Thirty seconds is a short span, and yet so much can be communicated in that time. This past Super Bowl opened my eyes to the power of communicating a message in 30 seconds. Although I was not overly impressed with this year’s commercials, I did take away some key lessons that translate to the Web. Today, I’m going to briefly answer how you can:
- Draw people into your website in less than a minute
- Quickly and effectively convey a memorable message
- Create a positive web experience for visitors
The Power Of Rapid Cognition
In his book, Blink, Malcolm Gladwell covers the topic of “rapid cognition” which he defines as, “the ability of our unconscious to find patterns in situations and behavior based on very narrow slices of experience.” He explains how too much information can cloud an individual’s ability to accurately analyze a situation and how “in good decision making, frugality matters.” Although you never get a second chance to make a first impression, you do get many chances to make the next impression.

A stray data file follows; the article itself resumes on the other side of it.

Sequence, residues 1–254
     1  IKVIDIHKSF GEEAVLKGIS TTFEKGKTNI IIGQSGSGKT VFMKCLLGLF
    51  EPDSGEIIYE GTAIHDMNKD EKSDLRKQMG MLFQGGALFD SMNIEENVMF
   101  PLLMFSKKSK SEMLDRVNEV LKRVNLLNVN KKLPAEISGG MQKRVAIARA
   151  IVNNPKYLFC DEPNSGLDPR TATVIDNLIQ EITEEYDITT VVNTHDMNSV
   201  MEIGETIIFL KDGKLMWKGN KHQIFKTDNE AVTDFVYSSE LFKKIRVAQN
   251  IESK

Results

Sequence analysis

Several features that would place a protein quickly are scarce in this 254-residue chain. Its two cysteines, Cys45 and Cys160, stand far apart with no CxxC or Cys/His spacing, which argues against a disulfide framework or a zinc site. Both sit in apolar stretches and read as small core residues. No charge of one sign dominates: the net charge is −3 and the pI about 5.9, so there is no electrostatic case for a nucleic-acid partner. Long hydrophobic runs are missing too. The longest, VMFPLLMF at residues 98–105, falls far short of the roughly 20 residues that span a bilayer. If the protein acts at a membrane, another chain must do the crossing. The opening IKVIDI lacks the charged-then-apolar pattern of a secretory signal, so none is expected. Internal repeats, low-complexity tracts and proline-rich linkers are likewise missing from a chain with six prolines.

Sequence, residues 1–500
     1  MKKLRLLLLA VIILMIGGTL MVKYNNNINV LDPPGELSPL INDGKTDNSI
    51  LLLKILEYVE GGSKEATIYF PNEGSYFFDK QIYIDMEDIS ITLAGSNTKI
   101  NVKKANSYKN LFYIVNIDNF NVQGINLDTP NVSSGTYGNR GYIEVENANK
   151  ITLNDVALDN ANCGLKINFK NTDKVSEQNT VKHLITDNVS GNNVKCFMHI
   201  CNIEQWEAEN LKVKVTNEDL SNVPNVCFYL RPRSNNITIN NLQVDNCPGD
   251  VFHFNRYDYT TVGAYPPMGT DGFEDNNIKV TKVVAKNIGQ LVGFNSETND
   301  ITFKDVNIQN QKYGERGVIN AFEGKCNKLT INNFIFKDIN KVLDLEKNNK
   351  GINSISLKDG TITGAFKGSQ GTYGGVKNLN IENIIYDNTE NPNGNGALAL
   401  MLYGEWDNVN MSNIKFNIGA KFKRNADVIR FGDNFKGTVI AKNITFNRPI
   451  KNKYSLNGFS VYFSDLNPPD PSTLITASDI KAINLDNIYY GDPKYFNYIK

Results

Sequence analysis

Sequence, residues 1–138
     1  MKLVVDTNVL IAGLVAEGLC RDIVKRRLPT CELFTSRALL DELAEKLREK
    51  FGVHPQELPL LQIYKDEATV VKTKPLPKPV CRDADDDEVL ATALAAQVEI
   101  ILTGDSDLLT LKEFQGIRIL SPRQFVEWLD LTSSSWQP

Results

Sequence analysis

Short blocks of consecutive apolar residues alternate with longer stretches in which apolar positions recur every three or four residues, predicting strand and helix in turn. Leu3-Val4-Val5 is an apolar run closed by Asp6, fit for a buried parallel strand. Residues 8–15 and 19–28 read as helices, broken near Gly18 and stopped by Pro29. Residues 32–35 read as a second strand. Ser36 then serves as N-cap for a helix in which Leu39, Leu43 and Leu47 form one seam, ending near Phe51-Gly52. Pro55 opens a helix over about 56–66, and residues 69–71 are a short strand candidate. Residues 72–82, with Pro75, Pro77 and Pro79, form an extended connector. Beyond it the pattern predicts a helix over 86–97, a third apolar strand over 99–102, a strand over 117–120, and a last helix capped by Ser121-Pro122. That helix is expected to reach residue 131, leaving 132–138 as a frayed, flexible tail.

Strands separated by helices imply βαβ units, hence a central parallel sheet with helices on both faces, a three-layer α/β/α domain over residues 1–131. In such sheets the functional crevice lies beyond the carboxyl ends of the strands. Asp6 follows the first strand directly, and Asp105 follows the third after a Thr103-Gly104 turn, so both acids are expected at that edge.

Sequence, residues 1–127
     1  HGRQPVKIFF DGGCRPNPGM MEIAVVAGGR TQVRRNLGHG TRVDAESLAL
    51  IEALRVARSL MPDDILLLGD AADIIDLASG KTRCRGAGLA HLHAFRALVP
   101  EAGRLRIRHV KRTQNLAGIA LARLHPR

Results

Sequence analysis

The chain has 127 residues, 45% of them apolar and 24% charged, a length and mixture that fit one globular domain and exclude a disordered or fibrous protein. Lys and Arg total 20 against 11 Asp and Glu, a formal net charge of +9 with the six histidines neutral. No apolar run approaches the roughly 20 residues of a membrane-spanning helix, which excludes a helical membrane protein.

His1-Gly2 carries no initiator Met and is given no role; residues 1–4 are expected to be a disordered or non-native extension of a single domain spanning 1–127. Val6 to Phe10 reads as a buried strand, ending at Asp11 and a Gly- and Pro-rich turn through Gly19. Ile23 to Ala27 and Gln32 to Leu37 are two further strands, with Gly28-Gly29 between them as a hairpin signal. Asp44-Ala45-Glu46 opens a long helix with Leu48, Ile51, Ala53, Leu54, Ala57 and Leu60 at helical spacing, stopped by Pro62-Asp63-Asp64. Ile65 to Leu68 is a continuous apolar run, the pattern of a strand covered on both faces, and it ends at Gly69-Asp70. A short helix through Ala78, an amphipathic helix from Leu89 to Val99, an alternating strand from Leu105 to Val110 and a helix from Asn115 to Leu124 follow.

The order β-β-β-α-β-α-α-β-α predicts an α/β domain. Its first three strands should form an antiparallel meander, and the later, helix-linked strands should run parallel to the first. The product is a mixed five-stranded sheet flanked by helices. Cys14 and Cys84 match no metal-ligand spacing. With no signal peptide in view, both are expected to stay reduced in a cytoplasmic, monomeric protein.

Now, let’s look at three ways you can create a positive website experience in 30 seconds or less -
One in every nine people on Earth is on Facebook. Twitter is adding nearly 500,000 users a day. YouTube has 490 million unique visitors every month.
What those numbers mean in a nutshell: A LOT of people use social media. So why is it most pastors do not? Maybe it’s lack of time. Or lack of education. Maybe it’s fear of the unknown. Ultimately, there’s no good reason. Every pastor interested in keeping their church vital and getting their message out to the community should be using social media.
Social media is an exceptional and easy way to connect with members outside the normal Sunday morning experiences. It’s also a great way to reach younger audiences by meeting them on “their turf”. Additionally, engaging people in social media demonstrates you care about the ones you lead enough to be a part of their daily lives.
Here are seven practical ways pastors can use social media:
Most leaders understand the why and what behind developing a web experience. Nobody wants a downloadable brochure for a website. They want a web experience. A web experience leaving a visitor enticed to take action.